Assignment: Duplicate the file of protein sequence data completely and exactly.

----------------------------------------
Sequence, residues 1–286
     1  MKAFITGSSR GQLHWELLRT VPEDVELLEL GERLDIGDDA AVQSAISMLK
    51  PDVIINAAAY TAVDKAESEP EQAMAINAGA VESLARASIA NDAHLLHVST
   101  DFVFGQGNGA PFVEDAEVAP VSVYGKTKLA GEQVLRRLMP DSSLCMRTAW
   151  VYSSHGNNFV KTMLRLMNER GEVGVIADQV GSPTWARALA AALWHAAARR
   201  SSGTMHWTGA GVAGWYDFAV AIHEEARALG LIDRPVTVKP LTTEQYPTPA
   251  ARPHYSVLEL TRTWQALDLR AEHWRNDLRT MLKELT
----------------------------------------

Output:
Sequence, residues 1–286
     1  MKAFITGSSR GQLHWELLRT VPEDVELLEL GERLDIGDDA AVQSAISMLK
    51  PDVIINAAAY TAVDKAESEP EQAMAINAGA VESLARASIA NDAHLLHVST
   101  DFVFGQGNGA PFVEDAEVAP VSVYGKTKLA GEQVLRRLMP DSSLCMRTAW
   151  VYSSHGNNFV KTMLRLMNER GEVGVIADQV GSPTWARALA AALWHAAARR
   201  SSGTMHWTGA GVAGWYDFAV AIHEEARALG LIDRPVTVKP LTTEQYPTPA
   251  ARPHYSVLEL TRTWQALDLR AEHWRNDLRT MLKELT